If we see the whole process in a sequence from a big picture view, one could easily conclude that these linguistic nationalistic movements saved the rich linguistic diversity of our country to date but when we zoom in on details then we realize this linguistic nationalistic movement and tussle between other big regionals languages might have sidelined the importance of certain marginal language which has very few takers in this movement of linguistic nationalism. This is where the researcher is going to research on.
Though the area of research on this topic can be very wide the author just wants to look at how these linguistic nationalistic feelings/movements might have disturbed or might have created problems for the marginal linguistic population in our country. Though there appears to be less literature on the same directly, the author also tries to take help from popular language statistics sources and regional news articles.
Rise of linguistic nationalism and the struggle for marginals
Linguistic nationalist movements in India have been regarded with great respect in society. Those leading such procession or protest were and are still considered as the true lover of their mother tongue .though they might be carrying good intention of promotion of their language or in against any forceful imposition of another alien language to them. But how can it cause trouble for the marginal (in sense with those people who speak a particular language which have less number of the speaker which might not put them up in the map of languages spoken in India or they might be scattered in the different territory of the jurisdiction where their language is not the majority language) is the question which must be of some great concern to us.
The number of languages facing the danger of getting wiped out is very large in India now. Devy, who documented 780 Indian languages while conducting the People’s Linguistic Survey of India in 2010, also, shockingly, found that 600 of these languages were dying. Though various reasons might be playing their part here I believe one of the reasons might be excessive promotion and imposition of certain language by both state and central government in heat of linguistic nationalism.
Often in India promotion of one language has been done at the cost of another and it doesn’t need to be proved in, one or other language has been always intended to replace in others e.g In the contention of making Hindi as the national language, other languages were discarded. This whole scenario has created repulsions in past and it still creates repulsion in the political corridor of Delhi.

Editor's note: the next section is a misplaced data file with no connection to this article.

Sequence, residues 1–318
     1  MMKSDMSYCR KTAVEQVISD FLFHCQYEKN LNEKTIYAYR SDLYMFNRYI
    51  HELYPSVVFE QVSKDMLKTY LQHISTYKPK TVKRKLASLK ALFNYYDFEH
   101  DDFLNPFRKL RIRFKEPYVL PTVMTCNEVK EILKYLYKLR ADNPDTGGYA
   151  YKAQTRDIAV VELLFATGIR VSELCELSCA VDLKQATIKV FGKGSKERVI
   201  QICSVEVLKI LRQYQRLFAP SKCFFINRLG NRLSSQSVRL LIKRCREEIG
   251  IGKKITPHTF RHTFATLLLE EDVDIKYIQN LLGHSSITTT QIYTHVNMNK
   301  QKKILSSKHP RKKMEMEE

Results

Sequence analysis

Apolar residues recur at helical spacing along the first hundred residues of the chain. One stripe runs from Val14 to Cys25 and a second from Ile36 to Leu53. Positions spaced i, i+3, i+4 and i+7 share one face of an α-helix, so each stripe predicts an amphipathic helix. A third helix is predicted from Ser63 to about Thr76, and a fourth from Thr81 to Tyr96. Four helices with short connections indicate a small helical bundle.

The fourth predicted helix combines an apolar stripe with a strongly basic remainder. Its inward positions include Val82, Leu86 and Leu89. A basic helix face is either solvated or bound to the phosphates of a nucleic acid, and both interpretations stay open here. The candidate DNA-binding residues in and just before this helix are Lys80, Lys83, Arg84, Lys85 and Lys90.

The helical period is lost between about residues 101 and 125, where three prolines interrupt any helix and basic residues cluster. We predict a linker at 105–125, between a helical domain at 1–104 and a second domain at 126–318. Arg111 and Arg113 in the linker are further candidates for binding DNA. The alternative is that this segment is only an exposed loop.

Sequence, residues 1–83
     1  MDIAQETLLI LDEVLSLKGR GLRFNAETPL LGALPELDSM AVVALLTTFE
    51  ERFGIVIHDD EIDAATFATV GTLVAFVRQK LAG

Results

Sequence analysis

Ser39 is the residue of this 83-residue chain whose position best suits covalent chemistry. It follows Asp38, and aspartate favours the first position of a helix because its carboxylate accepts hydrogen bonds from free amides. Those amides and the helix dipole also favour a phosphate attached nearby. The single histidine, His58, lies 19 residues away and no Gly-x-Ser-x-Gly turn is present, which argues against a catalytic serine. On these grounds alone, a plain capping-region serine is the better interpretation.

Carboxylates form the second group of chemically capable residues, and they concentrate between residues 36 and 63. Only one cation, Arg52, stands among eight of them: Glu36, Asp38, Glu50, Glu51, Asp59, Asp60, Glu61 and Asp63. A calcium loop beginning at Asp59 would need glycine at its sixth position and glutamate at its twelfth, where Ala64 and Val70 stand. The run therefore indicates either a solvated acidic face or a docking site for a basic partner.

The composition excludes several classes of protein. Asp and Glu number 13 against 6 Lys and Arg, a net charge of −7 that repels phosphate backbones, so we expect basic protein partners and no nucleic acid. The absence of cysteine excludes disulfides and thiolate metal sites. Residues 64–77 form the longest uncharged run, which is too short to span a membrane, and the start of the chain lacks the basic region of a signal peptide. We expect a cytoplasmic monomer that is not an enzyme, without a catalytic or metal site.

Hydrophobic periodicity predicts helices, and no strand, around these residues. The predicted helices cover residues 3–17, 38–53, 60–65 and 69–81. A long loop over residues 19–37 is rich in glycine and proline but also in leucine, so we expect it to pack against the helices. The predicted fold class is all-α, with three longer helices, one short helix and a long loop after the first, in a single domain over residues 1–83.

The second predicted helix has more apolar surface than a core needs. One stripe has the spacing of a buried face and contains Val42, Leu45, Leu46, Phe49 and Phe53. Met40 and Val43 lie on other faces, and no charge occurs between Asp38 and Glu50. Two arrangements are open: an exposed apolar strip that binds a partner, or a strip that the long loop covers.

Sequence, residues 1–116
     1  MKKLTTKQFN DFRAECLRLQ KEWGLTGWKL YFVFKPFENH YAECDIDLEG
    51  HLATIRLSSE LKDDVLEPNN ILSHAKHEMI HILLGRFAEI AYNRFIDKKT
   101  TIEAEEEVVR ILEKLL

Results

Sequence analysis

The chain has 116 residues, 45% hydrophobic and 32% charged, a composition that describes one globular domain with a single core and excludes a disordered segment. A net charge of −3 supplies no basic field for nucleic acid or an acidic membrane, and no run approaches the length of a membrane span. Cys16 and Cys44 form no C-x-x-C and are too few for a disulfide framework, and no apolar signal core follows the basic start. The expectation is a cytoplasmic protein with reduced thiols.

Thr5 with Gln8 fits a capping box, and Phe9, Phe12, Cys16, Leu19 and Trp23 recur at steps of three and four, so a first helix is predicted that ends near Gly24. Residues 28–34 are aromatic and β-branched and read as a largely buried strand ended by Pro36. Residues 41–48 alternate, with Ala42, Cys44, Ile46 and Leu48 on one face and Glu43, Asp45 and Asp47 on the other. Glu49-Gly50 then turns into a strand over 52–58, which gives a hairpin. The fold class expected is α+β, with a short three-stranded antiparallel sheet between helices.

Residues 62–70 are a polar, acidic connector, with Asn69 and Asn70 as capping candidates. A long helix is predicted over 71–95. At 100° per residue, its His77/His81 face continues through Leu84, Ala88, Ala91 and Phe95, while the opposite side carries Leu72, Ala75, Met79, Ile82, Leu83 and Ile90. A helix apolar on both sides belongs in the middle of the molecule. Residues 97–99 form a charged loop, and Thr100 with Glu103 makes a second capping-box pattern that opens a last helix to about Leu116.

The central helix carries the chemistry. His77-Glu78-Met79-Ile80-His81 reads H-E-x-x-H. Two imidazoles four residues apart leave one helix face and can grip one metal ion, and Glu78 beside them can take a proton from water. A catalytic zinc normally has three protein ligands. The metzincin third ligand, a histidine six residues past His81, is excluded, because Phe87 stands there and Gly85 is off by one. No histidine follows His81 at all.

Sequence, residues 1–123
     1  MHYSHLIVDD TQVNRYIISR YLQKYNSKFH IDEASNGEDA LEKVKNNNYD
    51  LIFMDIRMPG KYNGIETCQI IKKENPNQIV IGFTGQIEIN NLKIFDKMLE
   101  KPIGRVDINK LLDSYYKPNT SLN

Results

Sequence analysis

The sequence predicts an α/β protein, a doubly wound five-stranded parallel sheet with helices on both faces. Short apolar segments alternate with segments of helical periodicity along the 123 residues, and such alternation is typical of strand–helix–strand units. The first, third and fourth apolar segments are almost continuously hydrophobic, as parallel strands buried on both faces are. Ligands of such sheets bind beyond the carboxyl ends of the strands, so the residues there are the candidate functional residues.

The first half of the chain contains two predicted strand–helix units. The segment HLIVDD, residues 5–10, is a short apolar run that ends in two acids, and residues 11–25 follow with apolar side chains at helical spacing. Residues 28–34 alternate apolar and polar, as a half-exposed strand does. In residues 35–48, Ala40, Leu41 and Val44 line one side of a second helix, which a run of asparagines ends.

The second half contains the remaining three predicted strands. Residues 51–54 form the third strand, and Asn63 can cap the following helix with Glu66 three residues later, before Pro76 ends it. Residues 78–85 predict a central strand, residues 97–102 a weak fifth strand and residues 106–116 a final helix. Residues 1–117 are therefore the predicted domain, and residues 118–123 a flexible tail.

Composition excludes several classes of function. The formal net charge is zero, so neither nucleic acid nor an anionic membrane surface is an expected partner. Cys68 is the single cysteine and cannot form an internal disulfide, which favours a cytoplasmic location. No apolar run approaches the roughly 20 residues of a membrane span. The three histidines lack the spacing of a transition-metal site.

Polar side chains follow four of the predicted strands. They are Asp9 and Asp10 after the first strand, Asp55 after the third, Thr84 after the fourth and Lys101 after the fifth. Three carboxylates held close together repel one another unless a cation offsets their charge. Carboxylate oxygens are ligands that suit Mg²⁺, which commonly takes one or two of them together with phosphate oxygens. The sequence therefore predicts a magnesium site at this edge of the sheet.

Representation matters representation of elected members of parliament ensures that the voice of the linguistic minority (as compared to the Hindi)is heard. But how many languages in total do we have? There are a total of 121 languages that are considered mother tongues. Of these, 22 languages are included in the Eighth Schedule of the Indian Constitution.Are all of these 122 languages are represented in the Loksabha through their MPs? No, we can’t infer that but people might be sure that 22 of the scheduled language might have representation in the parliament. What if I say there was a language that is among the scheduled languages which was spoken for the first time in the parliament in 2019? “'Santhali' reverberated in Rajya Sabha for the first time in 67 years since its inception when BJD MP Sarojini Hembram on Friday spoke in the language of the tribal community Santhals.”
Santhali is one of those tribal languages which is showing a decline in growth. Take an example of Assam, before getting reorganised the bureaucracy of the Assam was dominated by the Bengali elites of Bengal who were having administration over local Assamese people and as the common middle-class aspiration of Assamese people grew on, the hatred towards Bengali people grew as they were considered as an outsider(of course the 1971 refugee crisis might have fuelled the hatred feelings ) and this has raised into a tussle between Bengalis and Assamese in Assam.What I want to highlight here is now that In between this tussle of languages there has been a decline of Santali in Assam. The number of Santali speakers fell from 2, 42,886 in 2001 to 2,13,139 in 2011 in the State.The same is the case with the Bodo in Assam.